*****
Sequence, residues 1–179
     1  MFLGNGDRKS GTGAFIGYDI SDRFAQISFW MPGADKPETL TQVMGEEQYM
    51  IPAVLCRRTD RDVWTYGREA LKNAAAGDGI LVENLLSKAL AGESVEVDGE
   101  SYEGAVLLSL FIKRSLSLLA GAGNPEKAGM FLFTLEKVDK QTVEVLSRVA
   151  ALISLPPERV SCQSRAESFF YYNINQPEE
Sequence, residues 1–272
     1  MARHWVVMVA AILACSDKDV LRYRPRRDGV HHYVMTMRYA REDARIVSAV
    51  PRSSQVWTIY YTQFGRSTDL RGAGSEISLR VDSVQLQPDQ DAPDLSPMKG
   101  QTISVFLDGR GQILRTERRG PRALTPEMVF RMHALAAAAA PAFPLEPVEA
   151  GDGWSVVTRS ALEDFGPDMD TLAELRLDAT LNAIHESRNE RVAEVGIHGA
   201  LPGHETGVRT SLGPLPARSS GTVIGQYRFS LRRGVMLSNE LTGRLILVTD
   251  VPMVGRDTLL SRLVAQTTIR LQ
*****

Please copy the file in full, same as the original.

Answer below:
Sequence, residues 1–179
     1  MFLGNGDRKS GTGAFIGYDI SDRFAQISFW MPGADKPETL TQVMGEEQYM
    51  IPAVLCRRTD RDVWTYGREA LKNAAAGDGI LVENLLSKAL AGESVEVDGE
   101  SYEGAVLLSL FIKRSLSLLA GAGNPEKAGM FLFTLEKVDK QTVEVLSRVA
   151  ALISLPPERV SCQSRAESFF YYNINQPEE
Sequence, residues 1–272
     1  MARHWVVMVA AILACSDKDV LRYRPRRDGV HHYVMTMRYA REDARIVSAV
    51  PRSSQVWTIY YTQFGRSTDL RGAGSEISLR VDSVQLQPDQ DAPDLSPMKG
   101  QTISVFLDGR GQILRTERRG PRALTPEMVF RMHALAAAAA PAFPLEPVEA
   151  GDGWSVVTRS ALEDFGPDMD TLAELRLDAT LNAIHESRNE RVAEVGIHGA
   201  LPGHETGVRT SLGPLPARSS GTVIGQYRFS LRRGVMLSNE LTGRLILVTD
   251  VPMVGRDTLL SRLVAQTTIR LQ